Now you don't necessarily of course want to deal with it when we are that close to the midterms. But this is a good, at lease timing so that people who don't like -- and there's a lot of arguments that the bill doesn't go far enough. Yes the democrats think it goes too far, that it's still a huge big spending dynamic and, of course, the issue of immigration.


BRUCE: The way to try to get immigration done is to use certain kind of leverage and, of course, the last thing I will say is that this is about leadership because when you've got a lame duck speaker who can't exactly use any kind of pressure or major leverage because he is leaving, that creates a problem in leadership.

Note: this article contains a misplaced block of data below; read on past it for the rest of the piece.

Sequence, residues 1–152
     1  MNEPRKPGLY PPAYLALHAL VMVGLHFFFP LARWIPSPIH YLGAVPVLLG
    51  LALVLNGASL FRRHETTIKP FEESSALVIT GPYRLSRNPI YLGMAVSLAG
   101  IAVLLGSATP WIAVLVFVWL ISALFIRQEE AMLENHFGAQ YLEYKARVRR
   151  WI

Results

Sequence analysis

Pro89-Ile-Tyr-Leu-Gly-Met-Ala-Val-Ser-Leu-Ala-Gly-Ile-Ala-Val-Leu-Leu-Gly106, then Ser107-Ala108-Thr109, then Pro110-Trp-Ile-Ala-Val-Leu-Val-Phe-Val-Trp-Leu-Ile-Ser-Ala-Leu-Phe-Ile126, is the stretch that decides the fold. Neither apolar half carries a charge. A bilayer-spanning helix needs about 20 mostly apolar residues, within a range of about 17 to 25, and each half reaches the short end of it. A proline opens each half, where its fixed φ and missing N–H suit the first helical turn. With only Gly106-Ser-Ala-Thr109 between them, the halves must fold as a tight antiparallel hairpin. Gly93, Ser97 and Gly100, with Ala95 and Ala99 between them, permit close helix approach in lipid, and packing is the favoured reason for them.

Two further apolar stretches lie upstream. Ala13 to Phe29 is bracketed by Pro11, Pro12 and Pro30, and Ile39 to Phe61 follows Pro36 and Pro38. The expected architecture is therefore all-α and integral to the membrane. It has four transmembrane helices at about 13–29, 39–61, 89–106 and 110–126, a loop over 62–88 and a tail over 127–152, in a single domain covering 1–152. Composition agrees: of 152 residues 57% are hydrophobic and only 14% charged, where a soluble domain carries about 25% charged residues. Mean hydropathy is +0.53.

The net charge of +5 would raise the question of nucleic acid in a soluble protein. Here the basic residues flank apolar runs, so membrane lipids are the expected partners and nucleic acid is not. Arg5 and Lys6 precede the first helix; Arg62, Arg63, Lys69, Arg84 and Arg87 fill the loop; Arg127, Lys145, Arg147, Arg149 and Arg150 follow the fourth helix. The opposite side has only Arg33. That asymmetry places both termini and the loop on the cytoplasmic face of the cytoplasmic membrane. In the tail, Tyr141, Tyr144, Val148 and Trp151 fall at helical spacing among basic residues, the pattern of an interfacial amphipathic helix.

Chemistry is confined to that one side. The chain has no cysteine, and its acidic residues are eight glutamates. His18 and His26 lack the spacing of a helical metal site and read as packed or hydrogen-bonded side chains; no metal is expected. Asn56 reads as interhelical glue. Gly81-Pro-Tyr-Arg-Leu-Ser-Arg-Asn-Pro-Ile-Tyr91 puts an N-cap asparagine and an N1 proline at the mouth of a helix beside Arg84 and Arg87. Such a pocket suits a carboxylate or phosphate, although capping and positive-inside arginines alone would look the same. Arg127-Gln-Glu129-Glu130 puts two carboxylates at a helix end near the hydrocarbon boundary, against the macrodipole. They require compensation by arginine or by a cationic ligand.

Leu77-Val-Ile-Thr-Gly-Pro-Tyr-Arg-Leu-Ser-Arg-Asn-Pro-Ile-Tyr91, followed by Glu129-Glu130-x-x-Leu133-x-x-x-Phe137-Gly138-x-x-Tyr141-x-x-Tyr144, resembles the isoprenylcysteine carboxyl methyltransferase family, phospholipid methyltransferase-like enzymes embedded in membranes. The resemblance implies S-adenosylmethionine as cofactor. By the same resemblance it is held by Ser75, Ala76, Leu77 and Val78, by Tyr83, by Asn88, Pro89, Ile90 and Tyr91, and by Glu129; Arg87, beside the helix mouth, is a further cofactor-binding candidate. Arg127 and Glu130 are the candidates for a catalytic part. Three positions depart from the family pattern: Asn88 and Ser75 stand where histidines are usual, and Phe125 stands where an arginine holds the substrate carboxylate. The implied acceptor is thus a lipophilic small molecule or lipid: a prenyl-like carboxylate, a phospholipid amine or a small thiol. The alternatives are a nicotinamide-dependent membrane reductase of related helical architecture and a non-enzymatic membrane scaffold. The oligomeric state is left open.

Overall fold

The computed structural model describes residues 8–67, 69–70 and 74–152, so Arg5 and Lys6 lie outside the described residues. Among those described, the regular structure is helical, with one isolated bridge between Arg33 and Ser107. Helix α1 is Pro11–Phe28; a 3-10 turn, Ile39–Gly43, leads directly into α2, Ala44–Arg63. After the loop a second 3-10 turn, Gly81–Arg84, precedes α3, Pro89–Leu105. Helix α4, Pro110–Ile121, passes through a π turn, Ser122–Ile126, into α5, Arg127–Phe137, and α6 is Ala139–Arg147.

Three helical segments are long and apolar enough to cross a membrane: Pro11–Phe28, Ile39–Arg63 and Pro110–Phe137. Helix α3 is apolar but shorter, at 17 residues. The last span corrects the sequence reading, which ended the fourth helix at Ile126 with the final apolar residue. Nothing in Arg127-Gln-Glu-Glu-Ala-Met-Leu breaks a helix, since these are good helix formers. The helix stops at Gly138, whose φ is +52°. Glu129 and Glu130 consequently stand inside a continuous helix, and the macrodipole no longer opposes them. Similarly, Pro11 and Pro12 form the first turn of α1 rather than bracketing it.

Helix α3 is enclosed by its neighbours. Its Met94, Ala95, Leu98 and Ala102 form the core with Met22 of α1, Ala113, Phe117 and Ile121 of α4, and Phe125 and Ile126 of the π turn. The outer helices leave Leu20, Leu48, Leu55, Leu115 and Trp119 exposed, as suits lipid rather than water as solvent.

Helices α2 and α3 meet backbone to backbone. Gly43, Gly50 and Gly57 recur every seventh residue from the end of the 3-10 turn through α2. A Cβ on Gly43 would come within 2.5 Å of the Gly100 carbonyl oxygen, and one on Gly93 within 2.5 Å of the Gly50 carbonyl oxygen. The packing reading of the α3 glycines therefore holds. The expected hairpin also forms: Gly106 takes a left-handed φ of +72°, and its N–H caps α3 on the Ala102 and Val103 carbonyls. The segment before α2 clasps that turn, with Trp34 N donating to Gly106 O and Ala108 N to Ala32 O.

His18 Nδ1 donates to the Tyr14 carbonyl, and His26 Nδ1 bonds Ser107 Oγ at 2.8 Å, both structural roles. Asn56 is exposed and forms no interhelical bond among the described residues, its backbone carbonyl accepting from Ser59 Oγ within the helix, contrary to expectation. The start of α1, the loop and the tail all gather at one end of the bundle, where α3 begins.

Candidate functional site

FRANCIS: But the problem is -- I mean, you said it, they're in the middle immigration. They have been talking about working on immigration if only we had the House, the Senate, the presidency. I mean, immigration is something that people on both sides of the aisle have wanted sorted out one way or the other.

Here we are and they can't make any progress. Karl, how do you get past that coming into 2018 because voters are going to be screaming?

ROVE:: Well, hard to do but let's put it in perspective. The leadership said we are going to schedule a vote upon in the middle of June on the Goodlatte-McCaul bill and the Freedom Caucus said no, we want to have that now.

So, you know, this is about tactics. And the Freedom Caucus said we're going to vote on immigration first and then we'll vote on the farm bill. And the leadership said we've got the farm bill ready to go, we will bring this up, and this is all about power.